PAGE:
I also worry about the tendency among Friends to do that silent, passive-aggressive thing about all sorts of issues. I think it’s GOOD to say “hey, let’s stop buying styrofoam cups, because here is what I know about the damage they do…..” while it’s pretty useless to simply stare coldly at someone who uses them (I am, myself, terrible about this with people smoking near me. – I never ask them not to, or to change anything to accomodate my needs, but cough and scowl a lot!) Of course the quakers I know who smoke are really “underground” about it – probably largely because of people like me! *sigh*

    I would be pleased if it was easier to discuss disagreements in our meeting as well, and I think it would serve God (good?) better as well.

    Perhaps I dont’ disagree with him so much after all…..

  6. Crystal Heshmat Avatar
    Crystal Heshmat

    What? What do monkeys have to do with this discussion? I think I have to put on my “Data” or “Spock” hat and ask if that was a joke?

    Anyhow, I wanted to add my two cents that the Faith In Action idea is probably the KEY thing that attracts me to Quakers; well that and the fact that the kinds of things that Quakers do generally resonate with my sense of right.

    But speaking of monkeys, I’ve always wondered why the three monkeys are “see no evil,” “hear no evil” and “speak no evil.” Is it left out because “DO no evil” is hard to depict in a drawing or sculpture?

  7. Oh, gosh Crystal, sorry, I was fiddling with the system trying to see if something was working. Just plugging in a word from my strange mind at random.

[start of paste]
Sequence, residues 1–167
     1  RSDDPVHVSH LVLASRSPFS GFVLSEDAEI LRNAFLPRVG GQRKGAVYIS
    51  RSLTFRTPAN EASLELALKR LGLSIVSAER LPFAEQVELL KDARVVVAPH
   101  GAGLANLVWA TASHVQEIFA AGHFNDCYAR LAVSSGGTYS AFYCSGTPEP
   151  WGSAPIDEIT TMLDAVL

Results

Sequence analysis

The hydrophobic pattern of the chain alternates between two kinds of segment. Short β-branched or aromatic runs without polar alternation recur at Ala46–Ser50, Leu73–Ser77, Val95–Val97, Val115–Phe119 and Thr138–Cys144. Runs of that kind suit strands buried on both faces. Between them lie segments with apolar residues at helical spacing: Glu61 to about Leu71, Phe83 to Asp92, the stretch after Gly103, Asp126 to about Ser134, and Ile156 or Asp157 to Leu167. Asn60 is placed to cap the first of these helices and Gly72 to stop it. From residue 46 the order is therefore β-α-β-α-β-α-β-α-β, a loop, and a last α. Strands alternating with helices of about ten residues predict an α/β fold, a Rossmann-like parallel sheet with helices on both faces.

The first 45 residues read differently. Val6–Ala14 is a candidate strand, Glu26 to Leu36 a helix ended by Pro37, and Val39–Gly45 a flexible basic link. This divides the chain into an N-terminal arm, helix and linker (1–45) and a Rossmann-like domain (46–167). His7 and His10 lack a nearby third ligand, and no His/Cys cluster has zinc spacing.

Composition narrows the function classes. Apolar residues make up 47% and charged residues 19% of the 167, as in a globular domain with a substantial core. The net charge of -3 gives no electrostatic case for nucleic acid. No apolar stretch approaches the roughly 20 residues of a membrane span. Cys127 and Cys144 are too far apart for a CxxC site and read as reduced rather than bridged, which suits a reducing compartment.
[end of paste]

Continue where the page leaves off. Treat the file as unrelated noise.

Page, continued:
james, the monkey

  8. That “three monkeys” saying/image is old enough that I doubt it’s possible to figure out what was meant.

    My own thoughts are, first, it is focused on communication rather than action. I tend to use the saying in an ironic way, criticizing the tendency to protect ourselves from knowledge of unpleasant realities. I somehow doubt the original intent of the saying was ironic in that way, though–I think it was intended as a dictum to be followed.

    Perhaps the thought is that, if you are not exposed to knowledge of evil, you will naturally keep it out of your actions. I’m not sure I agree. In my experience, such an approach is as likely to lead to self-satisfied hypocrisy as to genuine virtue.

  9. There is a line from the first song in the musical “Jesus Christ Superstar” in which Judas sings

    “Nazareth, your famous son
    Should have stayed a great unknown
    Like his father carving wood
    He’d have made good
    Tables, chairs and oaken chests
    Would’ve suited Jesus best
    He’d have caused nobody harm
    No one alarmed!”

  10. I cannot find the full text of Samuel Caldwell’s 1998 Pendle Hill address anywhere,